Lugar also said Congress continues to be under-informed about the mission in Libya, in particular because a planned closed-door briefing with Joint Chiefs of Staff General James Cartwright was "cancelled without explanation."
"These actions make it difficult to see as credible your Administration's professed commitment to consult closely with Congress on these matters," Lugar added.
Lugar did not threaten any particular action against the administration, but called on officials to fulfill their commitment under the WPA to "respect the role of Congress with regard to our policy in Libya, including timely consultation on, and seeking authorization for, any continuation of U.S. military operations."
In contrast, Rep. Kucinich on Monday introduced a resolution requiring the Obama administration to remove troops from Libya 15 days after it is adopted. The resolution cites the WPA as a legal basis for the resolution.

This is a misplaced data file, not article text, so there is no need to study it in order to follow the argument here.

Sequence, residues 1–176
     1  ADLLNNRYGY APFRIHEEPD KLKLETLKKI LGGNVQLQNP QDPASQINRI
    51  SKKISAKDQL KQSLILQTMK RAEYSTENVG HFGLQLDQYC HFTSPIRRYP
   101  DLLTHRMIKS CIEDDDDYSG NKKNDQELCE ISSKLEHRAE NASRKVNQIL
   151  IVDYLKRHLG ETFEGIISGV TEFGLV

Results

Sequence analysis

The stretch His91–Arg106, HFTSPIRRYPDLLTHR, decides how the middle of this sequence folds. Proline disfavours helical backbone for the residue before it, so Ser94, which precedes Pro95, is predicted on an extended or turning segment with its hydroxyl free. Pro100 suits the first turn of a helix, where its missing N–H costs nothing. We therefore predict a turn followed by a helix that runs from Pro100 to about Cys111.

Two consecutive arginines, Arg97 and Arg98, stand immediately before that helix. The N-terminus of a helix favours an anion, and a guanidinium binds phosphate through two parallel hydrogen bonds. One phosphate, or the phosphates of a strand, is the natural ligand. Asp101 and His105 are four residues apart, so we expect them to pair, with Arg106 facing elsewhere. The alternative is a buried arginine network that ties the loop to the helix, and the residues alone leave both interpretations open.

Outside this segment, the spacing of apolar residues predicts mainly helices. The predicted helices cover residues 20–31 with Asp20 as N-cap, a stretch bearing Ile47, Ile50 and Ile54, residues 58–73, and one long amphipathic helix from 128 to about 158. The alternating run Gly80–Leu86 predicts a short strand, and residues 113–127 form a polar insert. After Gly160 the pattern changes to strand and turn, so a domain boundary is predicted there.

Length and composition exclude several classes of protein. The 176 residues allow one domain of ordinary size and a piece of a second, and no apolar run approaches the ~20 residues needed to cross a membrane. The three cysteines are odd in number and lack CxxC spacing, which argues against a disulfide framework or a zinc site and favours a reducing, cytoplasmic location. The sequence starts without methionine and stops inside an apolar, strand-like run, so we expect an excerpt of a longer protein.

The WPA allows the president to make military decisions without congressional approval for 60 days in order to address imminent threats to the U.S., and many in Congress argue that with more than 60 days elapsed in Libya, the Obama administration needs congressional authority to continue military activities there. At the same time, Kucinich and other members have said the decision to send troops to Libya itself was inconsistent with the WPA, since the uprising in Libya had no immediate bearing on U.S. security.
House Majority Leader Eric Cantor (R-Va.) indicated on Monday that some form of Libya resolution would be attached to a bill funding the Defense Department in FY 2012, which the House will take up later in the week.